The quilt: beauty, utility, history, identity

Mary Lee Bendolph, Gee's Bend quilter, in her backyard with some of her 150 quilts.

By Sasha Nyary 

Growing up in Gee’s Bend, Alabama, Mary Lee Bendolph sewed her first quilt when she was 12 years old. She used scraps of worn-out jeans, faded flour sacks, even a scrap she found in the road. Coming from a long family line — and community — of quilters, she asked her mother to show her how to stitch. Three years later she had her own child and she joined others in her community, sewing quilts to keep their families warm. 

Bendolph has gone on to create more than 150 quilts. She and her community first came to the attention of the art world in the 1960s, when they were brought together to be part of the Freedom Quilting Bee, a collective of women quilters from southern Alabama. Since that time, the Gee's Bend quilters and their works have been the subjects dozens of exhibits, books, articles and documentaries. 

Now Bendolph is at last getting an exhibition of her own. “Piece Together: The Quilts of Mary Lee Bendolph,” is on display at the Mount Holyoke College Art Museum from Jan. 23 through May 27 and features 18 quilts, the earliest from 1965. 

“We are thrilled and honored to showcase the breathtaking and highly original quilts by Mary Lee Bendolph here at Mount Holyoke,” said Tricia Y. Paik, Florence Finch Abbot Director of the Art Museum. “To match such originality, the innovative installation enlivens the quilts to show audiences the different ways the artist’s work is experienced. Consistent with the museum’s teaching mission, the presentation fosters a deep appreciation of objects that function as both art and material culture.” 

The Art Museum will present several events in conjunction with the exhibition, including an opening lecture by Alvia J. Wardlaw. A leading expert in African-American art and history who curated a national traveling exhibition of Gee’s Bend quilts, Wardlaw will give a talk, “I Keep Dreaming That Dream: The Life and Creative Genius of Mary Lee Bendolph,” on Jan. 31 at 5:30 p.m. in Gamble Auditorium. A reception will follow the talk.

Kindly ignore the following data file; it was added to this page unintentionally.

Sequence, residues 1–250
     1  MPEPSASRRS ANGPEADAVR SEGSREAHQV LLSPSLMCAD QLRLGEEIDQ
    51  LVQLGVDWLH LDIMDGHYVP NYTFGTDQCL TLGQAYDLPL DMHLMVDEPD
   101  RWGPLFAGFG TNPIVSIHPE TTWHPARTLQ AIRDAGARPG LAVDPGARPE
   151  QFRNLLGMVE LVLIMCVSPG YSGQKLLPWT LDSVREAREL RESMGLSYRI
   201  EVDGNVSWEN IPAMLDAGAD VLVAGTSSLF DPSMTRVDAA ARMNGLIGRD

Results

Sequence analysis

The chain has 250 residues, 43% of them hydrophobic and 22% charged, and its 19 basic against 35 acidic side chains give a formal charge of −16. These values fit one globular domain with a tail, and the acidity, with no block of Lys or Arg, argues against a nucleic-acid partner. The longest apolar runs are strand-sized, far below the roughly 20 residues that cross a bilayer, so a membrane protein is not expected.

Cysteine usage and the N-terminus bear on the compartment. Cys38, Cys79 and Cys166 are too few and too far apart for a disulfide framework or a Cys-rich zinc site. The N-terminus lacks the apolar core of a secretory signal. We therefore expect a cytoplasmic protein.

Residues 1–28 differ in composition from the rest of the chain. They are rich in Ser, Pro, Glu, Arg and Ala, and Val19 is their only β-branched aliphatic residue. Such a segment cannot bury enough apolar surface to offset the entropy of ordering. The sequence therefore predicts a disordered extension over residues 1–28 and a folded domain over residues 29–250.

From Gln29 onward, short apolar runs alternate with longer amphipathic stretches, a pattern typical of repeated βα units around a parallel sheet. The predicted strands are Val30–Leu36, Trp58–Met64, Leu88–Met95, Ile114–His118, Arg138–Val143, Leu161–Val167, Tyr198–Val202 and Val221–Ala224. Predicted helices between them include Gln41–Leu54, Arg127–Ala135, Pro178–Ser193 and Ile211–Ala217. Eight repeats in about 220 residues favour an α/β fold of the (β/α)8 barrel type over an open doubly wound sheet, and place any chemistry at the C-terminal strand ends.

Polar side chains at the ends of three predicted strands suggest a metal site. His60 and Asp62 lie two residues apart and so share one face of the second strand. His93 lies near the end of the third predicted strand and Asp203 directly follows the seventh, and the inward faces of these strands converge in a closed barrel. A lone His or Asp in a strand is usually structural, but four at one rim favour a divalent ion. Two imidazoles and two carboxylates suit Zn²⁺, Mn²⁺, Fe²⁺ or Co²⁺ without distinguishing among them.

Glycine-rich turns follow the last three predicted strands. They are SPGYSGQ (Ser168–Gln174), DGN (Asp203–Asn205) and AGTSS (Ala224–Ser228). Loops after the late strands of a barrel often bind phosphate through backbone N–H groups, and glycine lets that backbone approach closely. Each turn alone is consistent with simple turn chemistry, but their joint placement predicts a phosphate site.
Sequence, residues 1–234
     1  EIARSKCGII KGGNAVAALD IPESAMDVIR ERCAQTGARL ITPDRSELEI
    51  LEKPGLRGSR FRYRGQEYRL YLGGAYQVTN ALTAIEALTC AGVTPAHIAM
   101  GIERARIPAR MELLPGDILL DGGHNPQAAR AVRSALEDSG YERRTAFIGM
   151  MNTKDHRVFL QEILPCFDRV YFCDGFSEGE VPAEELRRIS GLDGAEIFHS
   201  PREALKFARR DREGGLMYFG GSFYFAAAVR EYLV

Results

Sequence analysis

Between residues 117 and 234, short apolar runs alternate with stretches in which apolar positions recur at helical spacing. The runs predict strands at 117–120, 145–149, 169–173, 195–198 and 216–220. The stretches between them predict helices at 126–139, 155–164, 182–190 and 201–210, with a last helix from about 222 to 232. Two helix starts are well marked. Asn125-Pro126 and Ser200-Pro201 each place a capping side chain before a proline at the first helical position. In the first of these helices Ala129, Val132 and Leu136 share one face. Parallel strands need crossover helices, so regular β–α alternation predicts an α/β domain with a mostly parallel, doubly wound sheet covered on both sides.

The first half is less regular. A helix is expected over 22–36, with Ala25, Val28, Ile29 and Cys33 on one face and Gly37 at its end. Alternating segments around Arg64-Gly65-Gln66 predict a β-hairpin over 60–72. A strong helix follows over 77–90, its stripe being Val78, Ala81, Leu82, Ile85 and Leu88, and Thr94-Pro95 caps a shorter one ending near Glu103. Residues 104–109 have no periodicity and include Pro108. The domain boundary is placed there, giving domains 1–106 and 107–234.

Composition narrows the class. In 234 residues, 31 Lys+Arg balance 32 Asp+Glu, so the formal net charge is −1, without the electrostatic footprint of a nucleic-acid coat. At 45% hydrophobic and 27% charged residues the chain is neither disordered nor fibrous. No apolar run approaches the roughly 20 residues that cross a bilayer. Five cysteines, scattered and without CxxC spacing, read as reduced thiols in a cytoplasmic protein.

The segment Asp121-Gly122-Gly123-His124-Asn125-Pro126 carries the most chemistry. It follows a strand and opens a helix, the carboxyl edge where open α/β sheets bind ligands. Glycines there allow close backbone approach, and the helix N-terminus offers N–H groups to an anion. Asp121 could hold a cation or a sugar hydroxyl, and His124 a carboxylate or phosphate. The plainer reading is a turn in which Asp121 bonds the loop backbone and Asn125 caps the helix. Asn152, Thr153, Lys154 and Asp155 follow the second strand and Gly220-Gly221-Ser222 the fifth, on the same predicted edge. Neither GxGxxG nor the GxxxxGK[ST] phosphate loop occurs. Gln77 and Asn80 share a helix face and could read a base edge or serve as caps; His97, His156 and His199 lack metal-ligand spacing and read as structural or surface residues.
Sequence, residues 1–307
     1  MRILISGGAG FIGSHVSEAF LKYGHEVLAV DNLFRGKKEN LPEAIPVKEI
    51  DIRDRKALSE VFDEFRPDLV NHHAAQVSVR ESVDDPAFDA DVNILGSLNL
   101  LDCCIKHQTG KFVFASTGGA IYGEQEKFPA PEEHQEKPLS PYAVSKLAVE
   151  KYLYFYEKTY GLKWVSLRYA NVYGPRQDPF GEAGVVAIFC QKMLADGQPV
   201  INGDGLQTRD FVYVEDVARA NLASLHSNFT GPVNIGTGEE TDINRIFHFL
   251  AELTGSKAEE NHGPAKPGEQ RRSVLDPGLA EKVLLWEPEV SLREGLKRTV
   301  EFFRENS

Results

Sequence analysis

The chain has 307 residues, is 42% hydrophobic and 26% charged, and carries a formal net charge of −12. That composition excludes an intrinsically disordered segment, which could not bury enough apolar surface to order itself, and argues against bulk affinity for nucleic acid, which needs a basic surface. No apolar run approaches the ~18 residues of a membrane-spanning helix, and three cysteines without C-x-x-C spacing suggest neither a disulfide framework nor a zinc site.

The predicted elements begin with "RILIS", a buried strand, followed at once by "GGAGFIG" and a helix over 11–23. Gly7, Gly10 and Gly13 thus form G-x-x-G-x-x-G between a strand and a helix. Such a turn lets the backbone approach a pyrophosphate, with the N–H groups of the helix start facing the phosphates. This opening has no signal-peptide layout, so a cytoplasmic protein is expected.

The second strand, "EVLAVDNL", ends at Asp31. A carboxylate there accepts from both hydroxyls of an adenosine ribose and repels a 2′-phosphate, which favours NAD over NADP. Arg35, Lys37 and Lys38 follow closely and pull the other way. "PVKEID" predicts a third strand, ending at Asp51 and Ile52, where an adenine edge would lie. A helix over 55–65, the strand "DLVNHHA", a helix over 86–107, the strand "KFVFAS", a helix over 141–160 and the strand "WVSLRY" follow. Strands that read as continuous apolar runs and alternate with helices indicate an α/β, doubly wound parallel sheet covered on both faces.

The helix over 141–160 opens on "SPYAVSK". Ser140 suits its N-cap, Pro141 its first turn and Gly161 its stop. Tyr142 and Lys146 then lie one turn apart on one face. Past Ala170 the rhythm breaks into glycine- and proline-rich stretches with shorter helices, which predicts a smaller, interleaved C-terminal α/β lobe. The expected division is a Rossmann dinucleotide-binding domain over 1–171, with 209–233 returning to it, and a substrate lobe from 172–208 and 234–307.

On Feb. 22 at 4:15 p.m., Kimberly Juanita Brown will give a gallery talk that explores parallels between Bendolph’s quilts and the writing of Toni Morrison. Brown is an assistant professor of English and Africana studies who studies the visual as a way to gain insight into race and gender. 

As suggested by these two events, as well as additional programming that includes a musical performance and an afternoon of family quilting activities, Bendolph’s extraordinary quilts are objects with many meanings and interpretations, said Hannah Blunt, associate curator at the Art Museum and the key organizer of the exhibition. 

“Long before many of these quilts were viewed as works of art, they saw heavy use as blankets for Bendolph’s family,” Blunt said. “Quilts are hybrid objects. They defy categorization as art or craft or utility. By presenting quilts not only on the gallery walls, but also draped on beds and hanging from clotheslines, we are exploring the many different spaces they occupy.” 

When exploring Bendolph’s work, those different spaces can be seen through the lens of 20th-century African-American life in the south. She was born into desperate poverty in 1935 at the height of the Great Depression on a spit of land on the Alabama River, 60 miles southwest of Montgomery. She has lived through the New Deal and Jim Crow. She watched Martin Luther King drink water from a whites-only fountain — and then drank from it herself — and she marched for civil rights. Through it all, Bendolph’s faith, her community and her need to care for her family were all inspirations for her quilts. 

In this context, the extensive catalog that accompanies the exhibition offers further analyses of Bendolph’s work, including essays by Blunt and Brown. The Gee’s Bend quilts look like no others, per Brown, because instead of more traditional squares they use strips of long fabric, a construction technique from West African, Caribbean and African-American textiles. Bendolph’s “Farmhouse,” for instance, Brown wrote, “resembles the geometric symmetry of modernist paintings, the tactile specificity of African-American art practices, and the musicality of jazz improvisation.” 

Also in the catalog is an essay by Lucas Wilson entitled “Whose Quilts, Whose Labor?” Wilson, an associate professor of Africana studies and economics, addresses the question of the value of community labor and creation. Ellen Alvord, Weatherbie Curator of Education and Academic Programs, conducted an interview with Rubin Bendolph Jr., Bendolph’s youngest child. He and his mother worked closely with the curators to create the exhibition. 

The idea for the exhibition originated with the 2012 gift by Renee Conforte McKee ’62 of two Bendolph etchings, “Mama’s Song” and “To Honor Mr. Dial,” donations made in honor of the Art Museum’s 140th anniversary. In 2017, the Art Museum acquired “Ghost Pockets,” a quilt from 2003. 

As the centerpiece of the Art Museum’s Diverse Voices Initiative, the exhibition is supported in part by a grant from The Pierre and Tana Matisse Foundation and the gifts of other alumnae donors. 

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